The 2018 election season is already shaping up to be a momentous one for Florida’s public schools. The governor’s office and cabinet positions will be on the ballot along with other seats including the U.S. Senate, House and a slew of State House and Senate races.
Every 20 years the Constitution Revision Commission meets and proposes amendments to the Florida Constitution. Their amendments will appear on the already lengthy 2018 ballot. The outcome of this election will potentially change the future of school funding, vouchers, charter schools and more.
A new survey from Florida TaxWatch found 77 percent of Florida voters said they haven’t heard about recent Constitution Revision Commission meetings. Another 13 percent of respondents, according to the survey, said they only saw, read or heard “a little” about the commission’s activities.
Those findings come after months of public hearings across the state to get input from Floridians on issues important to them. According to the TaxWatch, about 2,350 citizens have attended the meetings, and more than 900 Floridians have addressed the commission on a variety of issues. Florida Politics
Members of the Commission were appointed by Governor Scott and other state leaders and serve at their pleasure. These members have the sole power to determine what issues make it on the ballot yet, most Floridians have never heard of them. In spite of their power, the voters will have the final say in what becomes the law of the land.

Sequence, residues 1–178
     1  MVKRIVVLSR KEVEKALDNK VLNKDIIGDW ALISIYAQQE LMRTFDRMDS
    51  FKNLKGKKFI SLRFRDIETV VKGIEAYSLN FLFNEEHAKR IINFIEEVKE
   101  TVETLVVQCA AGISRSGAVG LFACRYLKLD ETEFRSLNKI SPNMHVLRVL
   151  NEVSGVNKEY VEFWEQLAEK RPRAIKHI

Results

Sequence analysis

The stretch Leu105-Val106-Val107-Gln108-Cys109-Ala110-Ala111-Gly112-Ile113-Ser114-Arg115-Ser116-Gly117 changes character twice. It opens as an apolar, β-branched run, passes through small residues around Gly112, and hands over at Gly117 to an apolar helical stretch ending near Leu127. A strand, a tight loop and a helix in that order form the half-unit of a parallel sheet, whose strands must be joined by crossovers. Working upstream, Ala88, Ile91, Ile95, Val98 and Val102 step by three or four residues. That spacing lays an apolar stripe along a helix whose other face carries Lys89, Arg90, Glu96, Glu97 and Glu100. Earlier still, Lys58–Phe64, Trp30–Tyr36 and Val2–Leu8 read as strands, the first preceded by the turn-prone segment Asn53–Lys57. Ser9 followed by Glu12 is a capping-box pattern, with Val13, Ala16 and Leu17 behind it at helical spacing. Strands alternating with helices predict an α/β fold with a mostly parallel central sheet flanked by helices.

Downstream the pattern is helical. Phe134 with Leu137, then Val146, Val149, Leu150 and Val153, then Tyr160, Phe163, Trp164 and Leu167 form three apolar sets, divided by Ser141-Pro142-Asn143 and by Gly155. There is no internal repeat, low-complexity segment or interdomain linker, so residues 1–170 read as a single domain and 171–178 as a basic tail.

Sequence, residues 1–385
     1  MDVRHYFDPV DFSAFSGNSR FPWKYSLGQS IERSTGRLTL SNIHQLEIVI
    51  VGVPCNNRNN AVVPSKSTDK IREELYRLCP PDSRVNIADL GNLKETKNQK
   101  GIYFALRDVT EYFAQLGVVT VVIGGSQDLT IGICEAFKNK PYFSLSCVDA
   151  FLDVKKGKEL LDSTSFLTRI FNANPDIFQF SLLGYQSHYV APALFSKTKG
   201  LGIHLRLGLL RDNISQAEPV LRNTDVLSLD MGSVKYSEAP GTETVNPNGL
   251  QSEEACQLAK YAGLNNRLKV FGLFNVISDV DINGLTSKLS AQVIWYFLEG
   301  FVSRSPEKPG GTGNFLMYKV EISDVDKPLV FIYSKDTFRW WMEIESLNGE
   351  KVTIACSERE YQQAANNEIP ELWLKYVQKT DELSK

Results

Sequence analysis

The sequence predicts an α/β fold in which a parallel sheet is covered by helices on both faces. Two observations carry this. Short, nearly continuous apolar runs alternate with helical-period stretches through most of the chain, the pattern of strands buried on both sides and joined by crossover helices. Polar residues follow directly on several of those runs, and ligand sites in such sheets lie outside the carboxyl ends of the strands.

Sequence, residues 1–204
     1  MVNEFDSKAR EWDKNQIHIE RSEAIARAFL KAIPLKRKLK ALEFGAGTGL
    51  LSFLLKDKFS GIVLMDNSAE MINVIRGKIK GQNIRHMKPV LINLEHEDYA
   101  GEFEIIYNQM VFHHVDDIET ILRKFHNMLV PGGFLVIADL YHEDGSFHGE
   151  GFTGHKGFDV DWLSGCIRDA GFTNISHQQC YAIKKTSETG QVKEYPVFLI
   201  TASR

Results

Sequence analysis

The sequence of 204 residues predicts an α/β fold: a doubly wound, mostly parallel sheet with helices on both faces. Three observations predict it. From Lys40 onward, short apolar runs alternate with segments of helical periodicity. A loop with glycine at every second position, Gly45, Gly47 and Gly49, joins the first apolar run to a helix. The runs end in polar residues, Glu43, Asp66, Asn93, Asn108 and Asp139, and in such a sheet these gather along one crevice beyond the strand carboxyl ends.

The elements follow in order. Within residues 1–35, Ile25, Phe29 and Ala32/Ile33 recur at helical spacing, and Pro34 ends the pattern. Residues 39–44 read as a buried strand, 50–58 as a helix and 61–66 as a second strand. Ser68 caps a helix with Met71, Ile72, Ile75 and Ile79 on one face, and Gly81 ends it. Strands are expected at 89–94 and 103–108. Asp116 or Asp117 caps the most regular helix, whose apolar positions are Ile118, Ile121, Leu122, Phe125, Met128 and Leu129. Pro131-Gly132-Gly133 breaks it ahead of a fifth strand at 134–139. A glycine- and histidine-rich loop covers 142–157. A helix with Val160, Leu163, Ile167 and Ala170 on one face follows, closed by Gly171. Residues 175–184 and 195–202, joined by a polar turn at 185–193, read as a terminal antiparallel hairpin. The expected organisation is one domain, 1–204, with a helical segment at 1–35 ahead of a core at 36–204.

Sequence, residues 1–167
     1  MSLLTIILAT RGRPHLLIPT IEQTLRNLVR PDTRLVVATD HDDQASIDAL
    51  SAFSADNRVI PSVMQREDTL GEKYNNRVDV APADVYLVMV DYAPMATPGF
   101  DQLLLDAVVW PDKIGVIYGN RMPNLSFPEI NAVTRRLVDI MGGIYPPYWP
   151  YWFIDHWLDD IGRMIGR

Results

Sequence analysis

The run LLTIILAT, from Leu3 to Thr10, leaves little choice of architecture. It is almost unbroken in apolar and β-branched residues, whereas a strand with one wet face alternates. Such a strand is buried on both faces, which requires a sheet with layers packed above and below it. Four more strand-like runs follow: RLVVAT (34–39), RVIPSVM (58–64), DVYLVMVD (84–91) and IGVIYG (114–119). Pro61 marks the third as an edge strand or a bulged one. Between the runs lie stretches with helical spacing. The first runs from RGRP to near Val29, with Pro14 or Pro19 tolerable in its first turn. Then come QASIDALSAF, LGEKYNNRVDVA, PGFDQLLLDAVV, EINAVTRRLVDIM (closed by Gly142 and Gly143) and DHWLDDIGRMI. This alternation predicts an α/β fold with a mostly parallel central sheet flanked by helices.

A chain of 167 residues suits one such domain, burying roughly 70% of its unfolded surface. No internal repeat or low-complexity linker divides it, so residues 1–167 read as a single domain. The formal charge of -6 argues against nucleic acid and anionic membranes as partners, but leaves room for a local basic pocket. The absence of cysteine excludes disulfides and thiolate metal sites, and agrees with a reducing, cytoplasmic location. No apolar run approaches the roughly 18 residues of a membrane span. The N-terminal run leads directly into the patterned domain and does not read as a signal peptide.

For the first time, the commission’s work product will need support of three-fifths of those voting. That means every “No” vote is worth 1.5 times as much as every “Yes” vote. It’s always hard to amend the Constitution – it should be – and the 60 percent rule makes it even harder…
Voter turnout will be less in a non-presidential year, and candidates for governor and Cabinet seats can capitalize on various amendments – for or against them – in their campaigns. But it might be tactically safer for them to avoid the referendum issues, rather than alienating voters on either side.
In any event, people tend to vote against anything they’re not sure of – if they vote at all, down at the end of a long ballot.
So to get 60 percent, the amendments will need public confidence that they were debated fairly and adopted by experienced, well-meaning leaders who looked beyond the horizon and thought of Florida’s future. News-Press